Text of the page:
Peter Robinson: Cultural Castaway - Art Collector

Issue 49, July - September 2009

Download PDF

New Zealander Peter Robinson takes issue with the sanitised symbols of cultural identity, writes Edward Colless. Instead of despair, he responds to this cultural flotsam with Robinson Crusoe-like resourcefulness, recycling the wreckage into corrupt new forms of meaning.

Castaway on his deserted Caribbean island, Robinson Crusoe made the most of the flotsam and jetsam washed up from the wreckage of distant colonial trade and traffic. Along with exploiting the island’s natural resources and the occasional stray indigenous inhabitant of the region, the offshore bric-a-brac started him off and kept him going, in what the philosopher Jean-Jacques Rousseau lauded as exemplary self-reliance, for 28 years of remote isolation. It’s hard to resist drawing a comparison, opportunistic as it may sound, with Peter Robinson’s artistic methods, if not also with the sense of artistic destiny, or at least plight, that his work has repeatedly staged.

New Zealand is, of course, hardly an uncharted island and Peter Robinson, who lives and works in Auckland, is anything but shipwrecked. He has a solid footprint in the place, with Maori ancestry mixed in with his European genealogy. This was the subject of much of his work throughout the 1990s, appropriating, often with bitter irony, traditional Maori motifs that had been taken and redesigned for corporate and government cultural logos, and which had been commodified and enervated by the very process of their political validation. In Robinson’s acerbic critical perspective on New Zealand cultural identity, the signs of self-possession, territory and heritage are displayed as if they’ve been denuded and denaturalised rather than corrupted, as if they have irreversibly lost their native, authentic meanings and become flotsam on the waves of a global cultural current. Washed up – that is, as sanitised icons as well as tidal debris – they are the residue of a cultural wreckage.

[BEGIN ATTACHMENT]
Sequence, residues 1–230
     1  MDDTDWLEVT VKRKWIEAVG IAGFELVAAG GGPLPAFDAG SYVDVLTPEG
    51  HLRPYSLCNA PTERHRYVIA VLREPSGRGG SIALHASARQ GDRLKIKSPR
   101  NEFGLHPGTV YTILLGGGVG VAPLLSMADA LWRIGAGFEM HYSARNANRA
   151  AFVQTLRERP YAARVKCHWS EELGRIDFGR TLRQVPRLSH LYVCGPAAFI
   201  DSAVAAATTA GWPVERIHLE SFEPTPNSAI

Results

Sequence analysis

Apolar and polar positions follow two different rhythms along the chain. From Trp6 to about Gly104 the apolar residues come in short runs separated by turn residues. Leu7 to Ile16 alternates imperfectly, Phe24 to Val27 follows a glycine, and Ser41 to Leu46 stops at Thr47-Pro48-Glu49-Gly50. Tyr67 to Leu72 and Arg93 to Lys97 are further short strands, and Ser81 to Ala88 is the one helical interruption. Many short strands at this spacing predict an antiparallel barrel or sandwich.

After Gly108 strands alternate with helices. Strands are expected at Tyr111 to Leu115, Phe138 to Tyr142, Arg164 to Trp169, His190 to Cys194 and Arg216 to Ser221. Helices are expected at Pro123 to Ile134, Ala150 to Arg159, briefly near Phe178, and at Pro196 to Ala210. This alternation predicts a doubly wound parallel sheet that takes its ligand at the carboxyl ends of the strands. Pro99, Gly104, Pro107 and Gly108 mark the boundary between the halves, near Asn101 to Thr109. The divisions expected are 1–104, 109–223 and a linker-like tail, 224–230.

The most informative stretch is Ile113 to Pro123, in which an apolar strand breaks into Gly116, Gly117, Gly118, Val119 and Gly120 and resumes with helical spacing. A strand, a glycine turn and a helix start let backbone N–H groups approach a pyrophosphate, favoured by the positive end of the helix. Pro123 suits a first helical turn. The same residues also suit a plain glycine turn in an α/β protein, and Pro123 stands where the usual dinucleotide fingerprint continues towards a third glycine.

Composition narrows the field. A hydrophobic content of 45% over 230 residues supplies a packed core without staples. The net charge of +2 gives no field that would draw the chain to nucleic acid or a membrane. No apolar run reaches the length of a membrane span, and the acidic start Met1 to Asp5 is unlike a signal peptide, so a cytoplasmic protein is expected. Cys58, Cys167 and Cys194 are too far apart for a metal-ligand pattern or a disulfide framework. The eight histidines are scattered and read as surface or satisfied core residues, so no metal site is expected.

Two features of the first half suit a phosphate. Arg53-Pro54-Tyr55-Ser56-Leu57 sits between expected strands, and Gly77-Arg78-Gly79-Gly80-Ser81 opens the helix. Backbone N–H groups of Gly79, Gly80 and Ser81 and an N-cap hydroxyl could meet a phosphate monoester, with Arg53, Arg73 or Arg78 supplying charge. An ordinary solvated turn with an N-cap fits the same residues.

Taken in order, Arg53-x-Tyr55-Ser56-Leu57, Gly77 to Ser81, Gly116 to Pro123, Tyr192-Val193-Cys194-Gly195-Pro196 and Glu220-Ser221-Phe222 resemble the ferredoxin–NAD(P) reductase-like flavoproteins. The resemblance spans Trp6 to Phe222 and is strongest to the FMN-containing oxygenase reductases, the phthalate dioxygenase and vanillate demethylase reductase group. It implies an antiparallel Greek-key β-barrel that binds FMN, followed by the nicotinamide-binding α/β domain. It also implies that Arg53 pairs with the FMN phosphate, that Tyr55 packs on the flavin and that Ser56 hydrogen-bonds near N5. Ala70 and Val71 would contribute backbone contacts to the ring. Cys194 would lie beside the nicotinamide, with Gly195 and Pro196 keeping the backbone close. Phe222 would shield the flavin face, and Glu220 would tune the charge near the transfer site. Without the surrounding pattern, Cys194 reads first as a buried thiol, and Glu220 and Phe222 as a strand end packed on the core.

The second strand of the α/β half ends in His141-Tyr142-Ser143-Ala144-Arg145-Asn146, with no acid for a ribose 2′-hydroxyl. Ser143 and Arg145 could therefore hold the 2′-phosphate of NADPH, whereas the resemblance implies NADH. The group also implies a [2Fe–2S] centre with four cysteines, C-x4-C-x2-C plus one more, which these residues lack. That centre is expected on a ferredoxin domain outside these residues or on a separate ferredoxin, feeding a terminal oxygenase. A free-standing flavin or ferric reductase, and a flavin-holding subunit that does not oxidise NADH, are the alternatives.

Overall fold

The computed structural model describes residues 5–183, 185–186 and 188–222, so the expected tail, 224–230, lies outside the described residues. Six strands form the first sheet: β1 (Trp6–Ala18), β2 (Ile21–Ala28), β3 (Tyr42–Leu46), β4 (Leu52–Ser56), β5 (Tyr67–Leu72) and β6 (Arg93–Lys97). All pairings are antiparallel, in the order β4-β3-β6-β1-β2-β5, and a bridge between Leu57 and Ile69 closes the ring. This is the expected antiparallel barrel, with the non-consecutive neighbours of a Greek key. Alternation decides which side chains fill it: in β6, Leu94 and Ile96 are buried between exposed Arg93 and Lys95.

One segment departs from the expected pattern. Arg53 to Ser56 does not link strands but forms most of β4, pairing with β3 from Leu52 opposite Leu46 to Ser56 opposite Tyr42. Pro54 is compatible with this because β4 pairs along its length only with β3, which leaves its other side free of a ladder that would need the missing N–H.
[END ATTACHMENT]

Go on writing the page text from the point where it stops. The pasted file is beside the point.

Robinson’s strategy is to treat this material to a kind of recycling that returns it in a corrupt form, flinging back political and cultural correctness in what the Rastas once called a “rude” tongue: illiterate, pugnacious, spirited with an unholy vengeance we might call it, doing a sort of dumpster dive. The style of his work is thus a mode of graffiti, whether in a precise sense of writing placards, tags and slogans (twisting, for instance, Colin McCahon’s anxious spirituality of Boy am I scared into the emotive brag and self-lacerating celebration of Boy am I scarred), or in a more figurative way with large scale, densely compacted sculptural installations. Point of Infinite Density (1999) was an unfurled tarpaulin carrying a ramshackle circuit diagram of swarming litter: images and phrases downloaded from the internet, scavenged from contemporary cosmological theories and philosophical texts, and infused with a fierce taste for the rhetorical protestations of doomsday cults. It was a floating world, an island built up from castaway information as if it were both land reclamation and a garbage dump.

The vision in work like this is titanic, both in the scale of its references as well as in the destiny implied by its historical connotation. Culture is a mighty ship, believed to be unsinkable, but relentlessly going down with no lifeboats. In a strange way, though, this fabulous wreckage unleashes so much noise and detritus it acquires a perverse sort of beauty. Snow Ball Blind Time was an immense sculptural installation, filling the entire, almost 600 square metre floorspace at New Plymouth’s Govett-Brewster Gallery in 2008. Built entirely from polystyrene foam, it was a gigantic and fantastic architecture of floating rocks and chains: a Babylonian utopia of hanging gardens as encompassing as Giovanni Battista Piranesi’s satanic prisons and just as beautiful, with its snowy confection made from such a deliciously toxic material.

Share this page: